The words of Abbot Isaac on the nature of prayer.
The aim of every monk and the perfection of his heart tends to continual and unbroken perseverance in prayer, and, as far as it is allowed to human frailty, strives to acquire an immovable tranquillity of mind and a perpetual purity, for the sake of which we seek unweariedly and constantly to practise all bodily labours as well as contrition of spirit. And there is between these two a sort of reciprocal and inseparable union. For just as the crown of the building of all virtues is the perfection of prayer, so unless everything has been united and compacted by this as its crown, it cannot possibly continue strong and stable. For lasting and continual calmness in prayer, of which we are speaking, cannot be secured or consummated without them, so neither can those virtues which lay its foundations be fully gained without persistence in it. And so we shall not be able either to treat properly of the effect of prayer, or in a rapid discourse to penetrate to its main end, which is acquired by labouring at all virtues, unless first all those things which for its sake must be either rejected or secured, are singly enumerated and discussed, and, as the Parable in the gospel teaches, whatever concerns the building of that spiritual and most lofty tower, is reckoned up and carefully considered beforehand. But yet these things when prepared will be of no use nor allow the lofty height of perfection to be properly placed upon them unless a clearance of all faults be first undertaken, and the decayed and dead rubbish of the passions be dug up, and the strong foundations of simplicity and humility be laid on the solid and (so to speak) living soil of our breast, or rather on that rock of the gospel, and by being built in this way this tower of spiritual virtues will rise, and be able to stand unmoved, and be raised to the utmost heights of heaven in full assurance of its, stability. For if it rests on such foundations, then though heavy storms of passions break over it, though mighty torrents of persecutions beat against it like a battering ram, though a furious tempest of spiritual foes dash against it and attack it, yet not only will no ruin overtake it, but the onslaught will not injure it even in the slightest degree.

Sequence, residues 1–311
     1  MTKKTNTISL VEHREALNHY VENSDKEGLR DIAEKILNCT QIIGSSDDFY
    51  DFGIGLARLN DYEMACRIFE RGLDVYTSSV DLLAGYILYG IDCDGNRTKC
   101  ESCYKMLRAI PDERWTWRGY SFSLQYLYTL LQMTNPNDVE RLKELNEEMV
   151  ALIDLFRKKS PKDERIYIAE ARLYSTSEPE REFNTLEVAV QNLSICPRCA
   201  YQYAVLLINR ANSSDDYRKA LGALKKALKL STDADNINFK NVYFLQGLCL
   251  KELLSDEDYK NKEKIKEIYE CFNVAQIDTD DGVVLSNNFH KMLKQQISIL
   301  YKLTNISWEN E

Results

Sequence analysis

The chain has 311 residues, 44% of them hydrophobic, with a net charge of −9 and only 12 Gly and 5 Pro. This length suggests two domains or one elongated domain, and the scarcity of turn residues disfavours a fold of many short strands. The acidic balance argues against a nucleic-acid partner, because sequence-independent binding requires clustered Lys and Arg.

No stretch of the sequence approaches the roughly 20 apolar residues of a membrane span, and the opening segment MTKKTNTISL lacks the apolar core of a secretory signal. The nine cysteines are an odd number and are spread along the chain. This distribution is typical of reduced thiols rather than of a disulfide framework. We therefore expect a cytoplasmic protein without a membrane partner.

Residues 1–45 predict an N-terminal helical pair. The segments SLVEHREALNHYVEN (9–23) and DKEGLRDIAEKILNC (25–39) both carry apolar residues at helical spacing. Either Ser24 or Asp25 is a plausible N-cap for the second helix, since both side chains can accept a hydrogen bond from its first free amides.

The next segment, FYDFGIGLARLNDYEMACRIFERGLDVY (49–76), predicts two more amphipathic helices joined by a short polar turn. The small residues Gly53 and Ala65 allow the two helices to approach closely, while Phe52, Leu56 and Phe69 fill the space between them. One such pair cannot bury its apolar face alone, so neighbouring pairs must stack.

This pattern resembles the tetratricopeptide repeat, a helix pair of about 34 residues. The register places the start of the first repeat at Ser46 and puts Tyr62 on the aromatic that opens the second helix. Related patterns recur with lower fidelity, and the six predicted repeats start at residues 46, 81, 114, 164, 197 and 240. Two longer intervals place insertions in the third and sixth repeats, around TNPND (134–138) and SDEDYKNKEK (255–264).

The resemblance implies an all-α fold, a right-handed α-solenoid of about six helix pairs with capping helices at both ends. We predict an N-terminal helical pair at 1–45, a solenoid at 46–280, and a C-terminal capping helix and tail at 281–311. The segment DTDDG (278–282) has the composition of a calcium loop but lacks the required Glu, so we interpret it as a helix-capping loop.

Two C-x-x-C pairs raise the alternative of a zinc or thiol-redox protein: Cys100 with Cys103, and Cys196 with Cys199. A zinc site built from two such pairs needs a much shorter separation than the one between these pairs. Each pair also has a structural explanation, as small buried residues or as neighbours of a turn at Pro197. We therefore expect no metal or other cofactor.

SAINT JOHN CASSIAN'S CONFERENCES, THE FIRST CONFERENCE OF ABBOT ISAAC ON PRAYER,NICENE AND POST-NICENE FATHERS, SERIES II VOLUME XI